Up Close With Henye Meyer // A Talk About Facing A Terminal Illness—and Life

Mrs. Henye Meyer, whose popular novel The Exiles of Crocodile Island, published in 1984, raised the bar for Jewish literature worldwide, is the author of numerous bestsellers, including A Stranger to My Brothers, Starlight, and This Is America!
Despite a recent bout with cancer, Mrs. Meyer, a young-at-heart grandmother and great-grandmother from Manchester, England, is still going strong, writing short stories and novels, and researching her next book.
In several wide-ranging conversations, Henye shared candid details of her medical saga, her passion for the written word, and why she has no intention of slowing down.

As many of you may know, I’ve been out of commission for a while.
After I published Starlight, a novel for younger teens, my publisher asked for another one just like it because Starlight had been so successful. That novel was set in the Victorian era, a setting that, in my opinion, has been used too heavily. I was reluctant to revisit it. Nevertheless, I gritted my teeth and started the novel. Or I intended to.

Two days before an interview I had scheduled with a local Jewish historian, I awoke with intense back pain. An emergency surgery revealed that I was suffering from myeloma. I had tumors on my spine that had collapsed a vertebra and caused the excruciating pain. The hospital I was treated in is the spinal center for the north of England. I had a brilliant surgeon who removed the tumors and rebuilt the vertebra. His work was so beautiful that every time I had an X-ray, I could hear the technicians admiring it!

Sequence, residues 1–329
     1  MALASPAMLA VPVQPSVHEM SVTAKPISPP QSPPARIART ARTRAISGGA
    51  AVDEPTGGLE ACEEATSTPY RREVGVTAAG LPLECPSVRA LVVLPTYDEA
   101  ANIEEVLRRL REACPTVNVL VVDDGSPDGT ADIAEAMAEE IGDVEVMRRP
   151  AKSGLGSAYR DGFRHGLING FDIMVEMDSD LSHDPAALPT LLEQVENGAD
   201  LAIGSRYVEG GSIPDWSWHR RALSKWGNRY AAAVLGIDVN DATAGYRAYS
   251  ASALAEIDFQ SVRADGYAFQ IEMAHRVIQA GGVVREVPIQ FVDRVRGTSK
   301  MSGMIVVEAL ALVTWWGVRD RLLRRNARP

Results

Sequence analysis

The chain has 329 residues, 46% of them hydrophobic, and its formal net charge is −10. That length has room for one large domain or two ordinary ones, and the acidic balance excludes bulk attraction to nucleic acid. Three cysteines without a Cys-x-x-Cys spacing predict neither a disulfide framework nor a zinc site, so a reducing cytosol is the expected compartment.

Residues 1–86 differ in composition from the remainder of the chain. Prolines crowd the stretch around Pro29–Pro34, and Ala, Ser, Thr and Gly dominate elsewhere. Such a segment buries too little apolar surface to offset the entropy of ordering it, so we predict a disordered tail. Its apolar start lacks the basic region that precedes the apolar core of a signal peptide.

Because my collapsed vertebra had compressed my spinal cord, I was facing a lot of rehab, in addition to chemotherapy for the myeloma.

“If you had to get cancer,” the doctor told me, “you chose the right one. You can’t cure it, but you can hammer it into remission for a long, long time.”
“Long enough to write some more books?” I asked.

The chemo turned out to be very intensive. It was all pills with an occasional injection. But it did shoot the myeloma into remission within a month. This meant that I could concentrate on the rehab, and for all intents and purposes ignore the cancer for now.

After four months of hospitalization, therapy, five cycles of chemo with the myeloma in abeyance and the hospital desperate for beds, the doctors decided I could go home. I didn’t agree—I still felt I could progress faster with more physiotherapy—but I knew how desperate the ward was to free up places.

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